A New Year (and a Slightly New Name)
Welcome to the New Year! We are looking forward to 2011’s potential for healing, building our organization and expanding knowledge and resources for anal cancer in the general public and medical community.
We are proud of what we have accomplished since our mother, Paulette, died on April 5th, 2010. That is, in no small part, thanks to your time, effort and resources, which have helped to kick-start our organization. Thank you to our friends and family for their support. We would like to especially thank members of the anal cancer community who have opened their hearts and stories to us. We feel grateful to be so readily accepted into the fight against anal cancer. It is heartening to know that we are not alone.
Our first news of the year is that we have changed our name from “The Foundation for HPV and Anal Cancer” to “The HPV and Anal Cancer Foundation.” It is a small change, but one we hope will make it easier for people to access our resources.
We would like to share with you highlights of the last seven months and to provide a glimpse of what is to come in the near future.
- The HPV and Anal Cancer Foundation incorporated in New York State on June 22nd, 2010 and received 501(c)(3) non-profit tax-exempt status from the IRS on September 15th, 2010.
- The Foundation established a Scientific Advisory Board consisting of four leading HPV and anal cancer scientists and clinicians who conduct clinical and/or pre-clinical research at Harvard University, MD Anderson, University of San Francisco and University of Wisconsin.
- In November 2010, the FDA advisory committee on Vaccines and Related Biological Products considered data that show that the HPV vaccine, Gardasil, is effective in preventing anal precancer and cancer. Gardasil is already approved by the FDA for the prevention of cervical, vulvar and vaginal pre-cancers and genital warts. At the November meeting, we testified in favor of approving Gardasil to protect against anal cancer in males and females. Six weeks later, on December 22nd, the FDA endorsed the expanded indication for the Gardasil vaccine for the prevention of anal cancer in both genders. This is an extremely important step in ensuring future generations are spared exposure to this disease.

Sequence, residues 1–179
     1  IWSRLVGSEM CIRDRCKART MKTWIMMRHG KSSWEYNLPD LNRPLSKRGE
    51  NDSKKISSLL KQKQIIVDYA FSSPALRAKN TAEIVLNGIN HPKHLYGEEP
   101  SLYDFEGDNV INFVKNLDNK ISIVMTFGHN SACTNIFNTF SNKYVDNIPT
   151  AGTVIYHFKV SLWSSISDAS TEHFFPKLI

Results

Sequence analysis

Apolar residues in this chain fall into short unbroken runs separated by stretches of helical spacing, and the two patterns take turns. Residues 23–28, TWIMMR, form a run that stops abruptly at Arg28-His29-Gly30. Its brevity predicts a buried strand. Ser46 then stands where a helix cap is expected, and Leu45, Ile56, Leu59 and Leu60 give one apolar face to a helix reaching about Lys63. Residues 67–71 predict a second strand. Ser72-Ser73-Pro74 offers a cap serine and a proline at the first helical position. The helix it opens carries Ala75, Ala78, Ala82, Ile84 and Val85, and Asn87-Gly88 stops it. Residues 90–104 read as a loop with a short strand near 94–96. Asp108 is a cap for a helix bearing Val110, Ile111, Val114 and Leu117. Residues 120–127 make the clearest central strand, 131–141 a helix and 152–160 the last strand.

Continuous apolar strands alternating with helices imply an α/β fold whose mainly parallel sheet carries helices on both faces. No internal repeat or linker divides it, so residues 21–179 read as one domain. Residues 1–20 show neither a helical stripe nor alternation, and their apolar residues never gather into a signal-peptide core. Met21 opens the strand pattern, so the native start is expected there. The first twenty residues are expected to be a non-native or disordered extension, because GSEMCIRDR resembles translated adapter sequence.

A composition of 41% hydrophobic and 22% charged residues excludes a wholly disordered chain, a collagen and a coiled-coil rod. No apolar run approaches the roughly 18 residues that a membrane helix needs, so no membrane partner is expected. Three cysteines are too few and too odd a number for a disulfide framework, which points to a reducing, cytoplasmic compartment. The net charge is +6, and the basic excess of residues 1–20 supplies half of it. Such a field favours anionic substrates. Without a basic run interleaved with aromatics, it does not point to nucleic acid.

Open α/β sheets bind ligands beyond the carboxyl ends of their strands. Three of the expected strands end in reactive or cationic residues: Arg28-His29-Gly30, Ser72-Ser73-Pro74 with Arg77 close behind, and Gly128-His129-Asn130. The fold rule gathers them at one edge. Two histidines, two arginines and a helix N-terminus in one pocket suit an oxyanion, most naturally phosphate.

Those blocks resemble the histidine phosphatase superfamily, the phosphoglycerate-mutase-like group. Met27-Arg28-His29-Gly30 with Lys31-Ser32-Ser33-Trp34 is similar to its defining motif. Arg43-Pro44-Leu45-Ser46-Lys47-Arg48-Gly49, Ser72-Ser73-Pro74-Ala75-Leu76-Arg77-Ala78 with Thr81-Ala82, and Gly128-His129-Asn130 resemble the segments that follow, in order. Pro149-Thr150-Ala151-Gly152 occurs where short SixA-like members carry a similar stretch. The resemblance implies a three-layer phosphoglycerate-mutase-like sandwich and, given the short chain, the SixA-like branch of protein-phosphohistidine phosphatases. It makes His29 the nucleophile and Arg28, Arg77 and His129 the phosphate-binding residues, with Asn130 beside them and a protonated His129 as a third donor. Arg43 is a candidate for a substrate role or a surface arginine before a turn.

- We attended two important medical research conferences in recent months. In July, the Foundation participated in HPV2010, the International Papillomavirus Society’s annual conference with thousands of doctors and researchers. There we expanded our scientific network and broadened our understanding of the disease. In December, we attended Partnering for Cures, which brought together pharmaceutical companies, government agencies, philanthropists, and disease-specific medical research charities. The conference is facilitated by the Milken Institute and encourages collaboration between the various players in the health care sector to accelerate the discovery and development of medical solutions for diseases.
- We are honored that two women have committed to run to raise money on behalf of the Foundation. Rebecca Eriksen raised thousands of dollars by running the original marathon route in Greece in November 2010 and Nancy Mendelsohn has set a goal of $10,000 for a half marathon she is running on April 3rd, two days before the one-year anniversary of Paulette’s death.
Looking ahead, keep your eyes open for a hearing on February 24th at the Advisory Committee on Immunization Practices (ACIP), the group of experts who give recommendations on nation-wide vaccine protocols to the Center for Disease Control and Federal Department of Health and Human Services. While the FDA’s December 2010 approval of Gardasil for the prevention of anal cancer in boys and girls means that the government recognizes that the vaccine is safe and effective in preventing anal cancer, it has not given guidance to clinicians on when and how to discuss the vaccine with their patients. While there will not be a vote on recommendations at this meeting, there will be substantial discussion about the vaccine. Instructions to access the hearing live will be available at http://www.cdc.gov/vaccines/recs/acip/default.htm.
We have many plans for 2011, but in our first few months, we will continue to focus on our fundraising campaign and speaking with experts, clinicians and patients to understand the needs of the community. We welcome your thoughts and help with any and all of our projects.